Having Words Peter Cancro Founder and Chief Executive, Jersey Mike’s Subs

Having Words Peter Cancro Founder and Chief Executive, Jersey Mike’s Subs

Football has played a major role in the life of Peter Cancro, founder and chief executive of Jersey Mike’s Subs [3], based in Manasquan, N.J. From Pop Warner leagues to playing for his high school team, the sport and the coaches he encountered taught him valuable lessons about teamwork and leadership—and helped him pursue his entrepreneurial dreams.

Cancro started working at Mike’s Sub Shop in the seaside town of Point Pleasant, N.J., when he was 14. Three years later, he bought out the owners. His football coach, who was also a banker, helped him get a loan to finance the deal. Cancro, who was president of the class of 1975 at Point Pleasant High School, was also the only graduate to own his own sub shop. He was an owner at 17, before he could legally use a slicer.

After graduating from high school, he married his wife, Linda, and they opened more outlets, changing the name to Jersey Mike’s Subs to stress the chain’s origins along the New Jersey shore. Cancro eventually formed Jersey Mike’s Franchising Systems Inc., and began franchising in earnest. Over the years, he has never forgotten the leadership lessons he learned from football and teaches those concepts to Jersey Mike’s managers and franchisees.

It’s pretty amazing that at the age of 17 you bought a restaurant.

Looking back on it, I really don’t comprehend it. I started working very early, mowing lawns when I was 10 and 11. It was not that big of a deal to buy when I was 17. I had worked there four years. I did not think of failure at that age. I did not have any worries.

FAST FACTS

AGE: 51

HOMETOWN: Point Pleasant Beach, N.J.

EXPERIENCE: Began working in a local sub sandwich shop at age 14 and bought it three years later, before graduating from high school; built Jersey Mike’s Subs to a nearly 400-unit chain

PERSONAL: married; four children

HOBBIES: snow shoeing, running and playing tennis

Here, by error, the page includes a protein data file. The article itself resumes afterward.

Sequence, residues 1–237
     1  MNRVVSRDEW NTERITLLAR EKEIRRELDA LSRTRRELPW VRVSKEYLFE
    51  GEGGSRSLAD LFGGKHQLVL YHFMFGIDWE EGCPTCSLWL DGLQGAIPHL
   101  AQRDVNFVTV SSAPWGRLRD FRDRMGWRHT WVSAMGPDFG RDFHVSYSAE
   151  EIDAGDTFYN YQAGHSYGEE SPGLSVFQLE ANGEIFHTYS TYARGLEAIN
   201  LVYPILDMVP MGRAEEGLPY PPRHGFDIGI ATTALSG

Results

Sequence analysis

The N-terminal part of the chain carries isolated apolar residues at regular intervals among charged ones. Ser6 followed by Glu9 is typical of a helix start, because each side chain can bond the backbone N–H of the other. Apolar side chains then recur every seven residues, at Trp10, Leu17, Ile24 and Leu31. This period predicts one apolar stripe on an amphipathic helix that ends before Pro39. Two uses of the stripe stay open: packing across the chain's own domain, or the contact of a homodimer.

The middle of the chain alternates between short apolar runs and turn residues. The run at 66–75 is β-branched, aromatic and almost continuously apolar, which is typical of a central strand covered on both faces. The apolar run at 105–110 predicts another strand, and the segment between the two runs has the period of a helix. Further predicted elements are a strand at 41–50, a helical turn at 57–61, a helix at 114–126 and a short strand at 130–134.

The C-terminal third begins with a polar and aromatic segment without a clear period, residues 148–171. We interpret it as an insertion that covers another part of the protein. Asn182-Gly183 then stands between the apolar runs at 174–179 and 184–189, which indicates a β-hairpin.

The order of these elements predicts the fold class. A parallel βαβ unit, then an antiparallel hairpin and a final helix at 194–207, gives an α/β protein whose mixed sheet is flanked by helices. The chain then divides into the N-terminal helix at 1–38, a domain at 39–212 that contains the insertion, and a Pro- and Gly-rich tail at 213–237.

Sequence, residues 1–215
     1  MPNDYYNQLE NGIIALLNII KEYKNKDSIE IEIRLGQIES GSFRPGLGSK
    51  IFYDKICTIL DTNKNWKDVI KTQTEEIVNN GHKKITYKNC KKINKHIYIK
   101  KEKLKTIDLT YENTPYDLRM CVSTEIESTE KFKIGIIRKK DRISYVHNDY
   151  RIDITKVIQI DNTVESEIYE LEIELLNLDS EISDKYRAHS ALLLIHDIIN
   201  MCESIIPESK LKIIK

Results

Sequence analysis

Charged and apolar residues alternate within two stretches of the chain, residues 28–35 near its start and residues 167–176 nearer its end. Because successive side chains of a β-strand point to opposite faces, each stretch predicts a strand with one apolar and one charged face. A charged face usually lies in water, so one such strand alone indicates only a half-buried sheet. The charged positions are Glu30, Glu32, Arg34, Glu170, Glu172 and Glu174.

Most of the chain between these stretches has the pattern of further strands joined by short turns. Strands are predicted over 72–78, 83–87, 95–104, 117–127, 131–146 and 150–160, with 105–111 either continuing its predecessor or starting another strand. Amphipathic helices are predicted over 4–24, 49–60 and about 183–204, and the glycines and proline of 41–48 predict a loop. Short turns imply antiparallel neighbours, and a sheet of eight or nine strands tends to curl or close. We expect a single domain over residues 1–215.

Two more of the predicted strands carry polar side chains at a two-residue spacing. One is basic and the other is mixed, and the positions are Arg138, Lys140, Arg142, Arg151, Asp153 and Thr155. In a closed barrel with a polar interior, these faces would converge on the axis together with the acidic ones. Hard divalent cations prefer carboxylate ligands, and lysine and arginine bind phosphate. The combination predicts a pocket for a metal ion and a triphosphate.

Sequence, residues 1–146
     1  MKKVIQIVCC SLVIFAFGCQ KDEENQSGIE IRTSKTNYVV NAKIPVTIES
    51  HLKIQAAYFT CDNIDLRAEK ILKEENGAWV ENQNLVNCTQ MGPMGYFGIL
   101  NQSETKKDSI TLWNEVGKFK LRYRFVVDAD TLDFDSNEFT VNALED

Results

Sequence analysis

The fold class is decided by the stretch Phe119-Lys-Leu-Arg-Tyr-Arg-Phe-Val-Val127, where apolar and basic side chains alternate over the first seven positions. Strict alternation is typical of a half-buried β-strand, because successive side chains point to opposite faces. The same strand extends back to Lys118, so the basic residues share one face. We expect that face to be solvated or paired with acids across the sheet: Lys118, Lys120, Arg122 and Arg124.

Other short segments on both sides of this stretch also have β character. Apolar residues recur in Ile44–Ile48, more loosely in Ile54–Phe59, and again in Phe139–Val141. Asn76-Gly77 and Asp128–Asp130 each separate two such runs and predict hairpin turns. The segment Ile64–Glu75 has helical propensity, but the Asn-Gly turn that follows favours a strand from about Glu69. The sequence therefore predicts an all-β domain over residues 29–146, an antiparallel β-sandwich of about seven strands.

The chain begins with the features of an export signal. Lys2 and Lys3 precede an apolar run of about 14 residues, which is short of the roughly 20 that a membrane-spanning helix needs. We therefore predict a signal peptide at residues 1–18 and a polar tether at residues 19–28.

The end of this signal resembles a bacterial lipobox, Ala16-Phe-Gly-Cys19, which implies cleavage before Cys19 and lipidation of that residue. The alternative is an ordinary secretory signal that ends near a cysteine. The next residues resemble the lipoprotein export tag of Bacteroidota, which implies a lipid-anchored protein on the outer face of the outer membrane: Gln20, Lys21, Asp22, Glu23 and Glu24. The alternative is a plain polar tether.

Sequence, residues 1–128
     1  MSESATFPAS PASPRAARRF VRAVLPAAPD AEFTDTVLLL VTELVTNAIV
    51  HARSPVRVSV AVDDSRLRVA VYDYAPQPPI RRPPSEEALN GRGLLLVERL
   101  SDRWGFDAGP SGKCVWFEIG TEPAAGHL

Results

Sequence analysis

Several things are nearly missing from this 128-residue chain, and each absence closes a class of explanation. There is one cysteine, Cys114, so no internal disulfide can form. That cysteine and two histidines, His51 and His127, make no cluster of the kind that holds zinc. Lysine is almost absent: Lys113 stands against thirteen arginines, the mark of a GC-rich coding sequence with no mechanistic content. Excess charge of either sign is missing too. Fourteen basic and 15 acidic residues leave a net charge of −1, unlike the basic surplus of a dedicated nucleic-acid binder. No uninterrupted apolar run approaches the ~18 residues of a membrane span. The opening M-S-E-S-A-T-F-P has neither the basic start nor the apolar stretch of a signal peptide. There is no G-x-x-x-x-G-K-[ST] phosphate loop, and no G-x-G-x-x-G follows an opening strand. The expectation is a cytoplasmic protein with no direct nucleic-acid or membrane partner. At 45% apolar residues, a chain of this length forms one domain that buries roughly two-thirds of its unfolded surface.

Now you take things slowly, methodically. I sort of leapt back then. Along the way we lose the ability to leap. That’s probably a good thing.

Was it your high school football coach who helped you buy the restaurant?

No. My Pop Warner coach, Rod Smith. I played for him before high school. I was quarterback of the team, and we won the championship of that league.

I always stayed in touch with him, and he came to my [high school] games.

When the owner of Mike’s put it up for sale in 1975, I started knocking on doors, trying to raise capital. It was a Sunday night at 9:30 when I came over to his house.

He came to our annual meeting in May 2006. It was very emotional. He cried. I cried.

Did you play any college ball?

I hung up my spikes on Thanksgiving Day my senior year, after winning the championship, but I’ve carried on that [sports] mentality. You are not so much pushing people but pulling them along. Any great coach does not push. You show them the way and invite them in. That’s the way I was coached.

Were you ever a coach?

I coached my daughter’s soccer team and baseball [team]. The sports involvement is the same with music and activities out of school.

When you are a teenager and young, there are certain teachers and coaches that influence you. It’s neat to take that into business—the philosophy of acting as a team, yet celebrating individual victories, mentoring and coaching and giving back and supporting each other.